Even before you hover your mouse, click and begin to type your query into the search bar there’s something you need to realize. You aren’t really combing the web in its entirety. You’re searching the index of the world wide web that Google has managed to discover and retain as a live document. Larry Page’s Stanford .edu homepage served as the starting of the first web crawl nicknamed “BackRub” and its purpose was to collect data from every site rendered. The research purpose was to explore the nature of backlinks as a measure of webpage authority.

Google’s Search index now contains many hundreds of billions of pages and it admits it knows of over 130 trillion pages exist on the Internet. They achieve this indexing using web crawler software called spiders which begin their journey after rendering a few web pages and then following links on those pages to a new page where they then repeat the process. These spiders work very quickly but still manage to retain pieces of data – a Coles Notes of ranking signals – on every page they visit. Every new crawl begins in the same way; from a list of past web addresses that the spider visited combined with a sampling of newly submitted sitemaps and attains new data every time. 

Google Spider
human view
Human View

Google: How To Bake A Cake. What Happens Now?

Suppose that you want to learn how to bake a cake. If you type into the search bar ‘cake recipe‘ or ‘how to bake a cake’ Search software hunts through the index and pulls every relevant page including those terms. For a query combination like ‘cake recipe,’ the results return one million pages in less than one second. Google decides which documents to serve by asking and answering more than 200 questions or “signals” in less than a minute. It then calls up the pages that fit those signals and lists them according to best fit. Some of these ranking questions or signals the algorithm asks are:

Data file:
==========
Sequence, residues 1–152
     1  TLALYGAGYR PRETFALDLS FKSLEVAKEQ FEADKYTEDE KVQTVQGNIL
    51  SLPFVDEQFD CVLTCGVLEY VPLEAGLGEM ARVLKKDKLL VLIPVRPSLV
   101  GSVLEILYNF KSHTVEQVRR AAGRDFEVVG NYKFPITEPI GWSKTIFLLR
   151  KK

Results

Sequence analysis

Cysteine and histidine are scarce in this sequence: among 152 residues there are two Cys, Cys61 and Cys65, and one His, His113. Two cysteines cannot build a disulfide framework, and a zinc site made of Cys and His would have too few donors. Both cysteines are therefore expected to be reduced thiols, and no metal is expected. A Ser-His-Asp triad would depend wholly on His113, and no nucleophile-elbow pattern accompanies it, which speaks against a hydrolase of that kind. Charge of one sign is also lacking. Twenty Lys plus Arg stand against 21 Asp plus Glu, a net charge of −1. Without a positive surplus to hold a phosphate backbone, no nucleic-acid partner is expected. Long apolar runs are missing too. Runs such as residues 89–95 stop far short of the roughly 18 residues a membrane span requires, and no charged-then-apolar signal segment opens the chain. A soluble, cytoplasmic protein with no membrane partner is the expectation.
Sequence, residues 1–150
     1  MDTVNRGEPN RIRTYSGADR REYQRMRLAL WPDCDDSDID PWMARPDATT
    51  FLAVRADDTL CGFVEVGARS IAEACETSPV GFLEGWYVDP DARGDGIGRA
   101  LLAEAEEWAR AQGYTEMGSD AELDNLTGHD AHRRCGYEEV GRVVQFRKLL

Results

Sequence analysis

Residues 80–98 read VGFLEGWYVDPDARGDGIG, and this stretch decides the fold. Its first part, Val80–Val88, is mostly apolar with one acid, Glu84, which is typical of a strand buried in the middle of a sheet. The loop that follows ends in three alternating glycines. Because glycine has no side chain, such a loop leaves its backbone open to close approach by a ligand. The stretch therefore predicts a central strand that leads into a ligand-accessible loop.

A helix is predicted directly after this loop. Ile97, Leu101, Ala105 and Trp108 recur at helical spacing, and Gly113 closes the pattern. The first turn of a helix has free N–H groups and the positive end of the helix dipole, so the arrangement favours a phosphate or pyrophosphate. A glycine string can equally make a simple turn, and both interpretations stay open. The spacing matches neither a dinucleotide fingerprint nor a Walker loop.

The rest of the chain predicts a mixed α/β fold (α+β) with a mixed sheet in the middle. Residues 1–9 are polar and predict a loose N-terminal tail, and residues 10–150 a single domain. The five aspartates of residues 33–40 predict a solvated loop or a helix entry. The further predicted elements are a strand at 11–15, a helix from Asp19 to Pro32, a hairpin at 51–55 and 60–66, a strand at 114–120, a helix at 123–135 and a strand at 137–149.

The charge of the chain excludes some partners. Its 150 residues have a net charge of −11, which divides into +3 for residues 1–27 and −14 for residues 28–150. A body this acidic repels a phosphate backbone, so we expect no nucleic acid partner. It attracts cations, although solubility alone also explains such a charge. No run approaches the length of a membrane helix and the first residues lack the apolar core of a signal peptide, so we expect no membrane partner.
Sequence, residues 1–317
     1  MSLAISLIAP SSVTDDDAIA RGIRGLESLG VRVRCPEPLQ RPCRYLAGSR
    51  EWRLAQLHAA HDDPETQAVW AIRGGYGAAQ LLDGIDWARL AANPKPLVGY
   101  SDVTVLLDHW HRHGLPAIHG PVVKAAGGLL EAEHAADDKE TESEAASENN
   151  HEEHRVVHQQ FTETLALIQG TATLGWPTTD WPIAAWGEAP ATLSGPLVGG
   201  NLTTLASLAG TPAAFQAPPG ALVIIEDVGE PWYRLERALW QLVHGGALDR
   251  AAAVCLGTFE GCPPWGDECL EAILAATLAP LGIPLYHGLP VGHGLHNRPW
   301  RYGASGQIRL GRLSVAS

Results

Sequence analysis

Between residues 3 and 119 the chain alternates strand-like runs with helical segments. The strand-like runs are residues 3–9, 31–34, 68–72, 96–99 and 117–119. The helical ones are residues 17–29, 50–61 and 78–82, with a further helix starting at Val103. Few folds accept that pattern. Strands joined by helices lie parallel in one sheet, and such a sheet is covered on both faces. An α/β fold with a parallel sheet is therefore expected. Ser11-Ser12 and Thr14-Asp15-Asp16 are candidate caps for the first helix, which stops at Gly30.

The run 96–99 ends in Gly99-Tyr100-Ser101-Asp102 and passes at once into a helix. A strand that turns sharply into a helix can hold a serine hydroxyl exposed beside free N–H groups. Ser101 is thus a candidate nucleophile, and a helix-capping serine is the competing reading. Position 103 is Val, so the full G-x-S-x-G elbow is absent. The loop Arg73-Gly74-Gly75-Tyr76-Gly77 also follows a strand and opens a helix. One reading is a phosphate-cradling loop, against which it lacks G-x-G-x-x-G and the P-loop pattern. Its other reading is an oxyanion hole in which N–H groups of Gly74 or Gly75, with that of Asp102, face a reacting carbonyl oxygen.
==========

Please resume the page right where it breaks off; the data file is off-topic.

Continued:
Are you using the correct keywords for the traffic you're looking to target? What is the keyword density of your target keywords on page? Are keywords related to your targets also present?

Are you using the right amount of words and content to satisfy users? Are you deploy H1-H6 tags? Is your content well written and informative? Does it show you as a unique and genuine authority on the topic?

Is the website/webpage satisfying a user's query? Is the ranking webpage an authority for the search topic? Is it showing genuine expertise? Is it secure and trustworthy?

Are other related websites linking back to your website? Are the linking sites quality and spam free? Is your link profile composed of trustworthy websites? Are you gaining backlinks at a realistic rate?

Suppose that you want to learn how to bake a cake. If you type into the search bar ‘cake recipe‘ or ‘how to bake a cake’ Search software hunts through the index and pulls every relevant page including those terms. For a query combination like ‘cake recipe,’ the results return one million pages in less than one second. Google decides which documents to serve by asking and answering more than 200 questions or “signals” in less than a minute. It then calls up the pages that fit those signals and lists them according to best fit. Some of these ranking questions or signals the algorithm asks are:

Learn More About SEO

What Is SEO?

Now that we know how Google Search works we can ask the question 'what is seo?'. It mostly refers to the technical discipline of monitoring, improving and evaluating a website's performance in a search engine.

What Is Local SEO?

You may be interested in the topic of 'local seo' and optimizing your website for local queries. Learn all about localized search by clicking the heading above.